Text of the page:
Southern Japan has a peculiar climate that has allowed essentially subtropical forests to exist in what is technically a warm temperate climate with four distinct seasons. This forest is home to many orchids and ferns that one wouldn’t expect to find in a place that happily supports such things as daffodils, cherry trees, and temperate rhododendrons.
Among these are the epiphytic and lithophytic fern species that make their last northern stand on the islands of Kyushu, Shikoku, and the southeastern coast of Honshu. This article is the first of several about these northern stragglers. The following species can all be seen within a short bike ride from my house on the eves of Kyushu’s largest metropolitan area, Fukuoka City, and in fact could even be called epiphytic weeds.
Without a doubt, southern Japan’s most common and widespread epiphytic fern is Lepisorus thunbergianus. It can be found on almost any tree or stone wall whether it’s in the country or city. In truth, some of the most dense colonies I’ve seen are in urban parks and cemeteries. Not surprisingly it is also the most conspicuous epiphytic plant species around. To the untrained eye it might seem to be some strange grass growing up in the trees since it grows in clumps and has long, grass-like fronds. It often is found in association with Fukuoka’s next most common epiphytic fern, Lemmaphyllum microphyllum.
L. thunbergianus is found growing on the boles, branches, and even twigs of trees. It also grows on any available rock surface, concrete wall, or wood structure such as a wooden roof or post. While usually found at lower elevations, it can also grow higher up in mountains, up to 800 meters or more. Truly, this isn’t a picky fern, but it cannot survive on the forest floor. Many thousands of plants fall to the ground, and they all perish with no exceptions. In dry weather the fronds crinkle up and look positively dead, but the next rain they plump up again. This is a species that will never be in short supply in Japan.
A smaller relative to L. thunberianus is the diminutive L. onoei. In the Fukuoka area this species is confined to higher mountain ridgelines, usually above 700 meters elevation. At these altitudes the more common L. thunbergianus is replaced by this more diminutive species where it can form extensive colonies on tree trunks. Other than simply being smaller in stature than L. thunbergianus it also has a rounded frond tip, a diagnostic feature. See the comparison shot of the two species growing side by side to see the difference. As seen in the picture, L. onoei is less than half the size of L. thunbergianus. It is a lovely little plant of cloud shrouded mountain ridgelines, at least in the Fukuoka area.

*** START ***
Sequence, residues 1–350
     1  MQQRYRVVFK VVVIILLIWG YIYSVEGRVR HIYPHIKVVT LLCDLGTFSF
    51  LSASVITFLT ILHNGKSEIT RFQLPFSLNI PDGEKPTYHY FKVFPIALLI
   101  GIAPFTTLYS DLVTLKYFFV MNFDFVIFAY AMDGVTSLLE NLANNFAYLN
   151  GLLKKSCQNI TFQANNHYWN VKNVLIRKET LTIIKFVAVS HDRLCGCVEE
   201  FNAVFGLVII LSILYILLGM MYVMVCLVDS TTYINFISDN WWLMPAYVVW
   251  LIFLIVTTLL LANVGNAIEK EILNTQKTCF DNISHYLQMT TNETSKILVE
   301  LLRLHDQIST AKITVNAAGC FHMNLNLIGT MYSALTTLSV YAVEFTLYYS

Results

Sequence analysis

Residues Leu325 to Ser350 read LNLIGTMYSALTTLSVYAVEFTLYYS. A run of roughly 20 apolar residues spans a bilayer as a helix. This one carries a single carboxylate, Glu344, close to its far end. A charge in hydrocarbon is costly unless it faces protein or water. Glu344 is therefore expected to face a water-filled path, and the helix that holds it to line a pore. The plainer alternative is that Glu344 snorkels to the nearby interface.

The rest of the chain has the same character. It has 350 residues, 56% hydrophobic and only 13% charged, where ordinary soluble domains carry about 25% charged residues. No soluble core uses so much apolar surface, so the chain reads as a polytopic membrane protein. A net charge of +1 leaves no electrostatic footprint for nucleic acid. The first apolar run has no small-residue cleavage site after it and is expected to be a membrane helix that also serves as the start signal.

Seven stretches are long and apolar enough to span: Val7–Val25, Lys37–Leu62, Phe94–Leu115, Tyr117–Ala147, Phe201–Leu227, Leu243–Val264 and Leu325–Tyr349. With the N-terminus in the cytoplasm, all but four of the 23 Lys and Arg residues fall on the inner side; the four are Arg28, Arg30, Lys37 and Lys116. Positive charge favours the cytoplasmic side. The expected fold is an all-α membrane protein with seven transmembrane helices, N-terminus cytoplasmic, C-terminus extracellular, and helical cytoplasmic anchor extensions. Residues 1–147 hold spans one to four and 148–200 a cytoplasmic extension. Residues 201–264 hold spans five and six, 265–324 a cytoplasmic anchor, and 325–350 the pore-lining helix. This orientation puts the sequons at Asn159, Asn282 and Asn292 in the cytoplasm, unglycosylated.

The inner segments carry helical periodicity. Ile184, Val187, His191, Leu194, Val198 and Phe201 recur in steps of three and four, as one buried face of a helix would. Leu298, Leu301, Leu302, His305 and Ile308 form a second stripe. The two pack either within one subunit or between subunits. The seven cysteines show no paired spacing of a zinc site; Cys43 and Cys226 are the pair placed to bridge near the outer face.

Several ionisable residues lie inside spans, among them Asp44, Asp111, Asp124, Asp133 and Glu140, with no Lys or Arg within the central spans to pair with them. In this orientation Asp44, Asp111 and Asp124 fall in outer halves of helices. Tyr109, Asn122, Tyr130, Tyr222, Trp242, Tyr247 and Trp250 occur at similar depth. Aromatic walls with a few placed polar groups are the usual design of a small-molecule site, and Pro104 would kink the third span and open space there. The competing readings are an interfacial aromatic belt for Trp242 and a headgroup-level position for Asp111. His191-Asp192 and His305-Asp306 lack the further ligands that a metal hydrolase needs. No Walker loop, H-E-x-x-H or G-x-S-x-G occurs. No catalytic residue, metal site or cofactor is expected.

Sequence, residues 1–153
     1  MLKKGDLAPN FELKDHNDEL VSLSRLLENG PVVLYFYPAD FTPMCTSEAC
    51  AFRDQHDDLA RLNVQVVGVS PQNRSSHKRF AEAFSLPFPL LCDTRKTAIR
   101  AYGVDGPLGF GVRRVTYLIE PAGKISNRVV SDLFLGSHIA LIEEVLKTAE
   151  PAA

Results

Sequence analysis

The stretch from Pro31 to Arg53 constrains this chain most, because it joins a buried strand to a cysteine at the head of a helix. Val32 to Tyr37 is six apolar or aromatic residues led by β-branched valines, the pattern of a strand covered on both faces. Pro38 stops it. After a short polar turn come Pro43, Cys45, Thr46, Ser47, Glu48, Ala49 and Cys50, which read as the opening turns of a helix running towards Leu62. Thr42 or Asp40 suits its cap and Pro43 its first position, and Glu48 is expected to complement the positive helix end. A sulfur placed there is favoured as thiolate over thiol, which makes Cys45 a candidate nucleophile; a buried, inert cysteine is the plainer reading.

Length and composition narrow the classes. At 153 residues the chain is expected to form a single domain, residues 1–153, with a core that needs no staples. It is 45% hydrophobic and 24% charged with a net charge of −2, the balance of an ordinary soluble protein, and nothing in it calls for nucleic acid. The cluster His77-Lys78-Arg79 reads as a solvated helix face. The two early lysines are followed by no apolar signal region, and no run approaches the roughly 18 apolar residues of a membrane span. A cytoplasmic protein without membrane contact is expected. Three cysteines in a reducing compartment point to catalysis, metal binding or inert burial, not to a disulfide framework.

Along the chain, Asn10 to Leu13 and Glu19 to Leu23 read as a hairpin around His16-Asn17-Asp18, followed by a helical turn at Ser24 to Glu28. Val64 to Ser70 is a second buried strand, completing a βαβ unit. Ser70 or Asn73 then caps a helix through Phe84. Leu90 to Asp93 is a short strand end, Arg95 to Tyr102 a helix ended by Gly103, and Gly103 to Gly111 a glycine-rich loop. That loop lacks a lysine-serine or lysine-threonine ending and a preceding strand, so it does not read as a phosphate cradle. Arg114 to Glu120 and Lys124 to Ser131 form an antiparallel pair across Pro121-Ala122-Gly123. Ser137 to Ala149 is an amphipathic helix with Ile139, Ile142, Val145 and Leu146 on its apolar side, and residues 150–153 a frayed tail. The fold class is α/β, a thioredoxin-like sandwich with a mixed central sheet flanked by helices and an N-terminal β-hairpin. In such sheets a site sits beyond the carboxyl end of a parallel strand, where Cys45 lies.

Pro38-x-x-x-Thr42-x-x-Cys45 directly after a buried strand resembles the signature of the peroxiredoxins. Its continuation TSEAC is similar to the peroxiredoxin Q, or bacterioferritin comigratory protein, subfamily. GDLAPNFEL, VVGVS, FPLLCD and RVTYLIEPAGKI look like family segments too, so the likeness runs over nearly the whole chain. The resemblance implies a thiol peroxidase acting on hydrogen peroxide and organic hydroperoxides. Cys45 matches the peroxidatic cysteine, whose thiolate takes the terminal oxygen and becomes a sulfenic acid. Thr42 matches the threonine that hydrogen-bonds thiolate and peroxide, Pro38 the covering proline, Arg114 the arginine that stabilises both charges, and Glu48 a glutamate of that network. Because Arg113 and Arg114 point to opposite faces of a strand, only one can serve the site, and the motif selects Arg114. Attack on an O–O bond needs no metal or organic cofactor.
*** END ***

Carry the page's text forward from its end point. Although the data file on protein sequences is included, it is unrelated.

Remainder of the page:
Next to L. thunbergiana, Lemmaphyllum microphyllum comes in a close second as Fukuoka’s most common epiphytic fern. In truth it is just as happy growing on rocks as it is on trees. In either case it can form impressive colonies, virtually covering the entire bole of a large tree or huge protruding rock outcrop. The tiny round leaves have earned it various names, including the common English name “green penny fern”. In fact the plant has two types of fronds, one fertile (the sporophyll) and the other sterile (the trophophyll). The sterile fronds are nearly round and lay flat to their growing surface and give the plant its characteristic look. The fertile fronds are much more narrow and flare upwards in an arc away from the growing surface.
From a distance the plant can give the impression of a dense mat of rough moss, and closer inspection would not make you think of a fern right off the bat. It is a common plant growing on rocks and trees in mostly shady forests, but can be found on rock walls, concrete walls, natural rock outcroppings, and virtually any tree species, preferring hardwoods with a coarse bark structure. It also grows as a twig epiphyte, often dangling from a branch precariously. Found from low to moderately high elevations, up to 600 meters.
Check out this video showing L. thunbergianus, L. microphyllum, and a number of other epiphytic ferns growing naturally in the Fukuoka area:
All three species are fairly easy to grow. Of the three, L. onoei is the most cold hardy, easily taking down to -10 C (14 F) in its native habitat. The other two can handle -5 C (24 F) no problem. While in growth these ferns like lots of water and humidity, but also require a drying period between wettings. If they stay continuously soggy they will rot and eventually die. L. microphyllum is the most tolerant of continuously wet roots, but it doesn’t appreciate it very much. While they all can handle a humidity range from 30%-100%, above 60% is ideal. None like too much sun exposure, but can handle some. Avoid midday sun however.
All attach well to any wood or tree fern fiber and can also be grown in pure sphagnum in clay pots – avoid plastic since these retain too much moisture. In winter they are happy to handle colder temperatures, but the average should remain above freezing. In summer they thrive on hot, humid conditions, above 25 C (77 F) at all times, though you can most likely grow them cooler. One thing, if you live in a subtropical, humid climate be careful with L. thunbergianus since it truly can be a weed. Same thing in a greenhouse – their spore will germinate everywhere and soon you’ll have too many. I routinely have to weed my epiphytic garden trees of them or they would soon overrun the place! Fun plants that require no fuss, I recommend trying a few.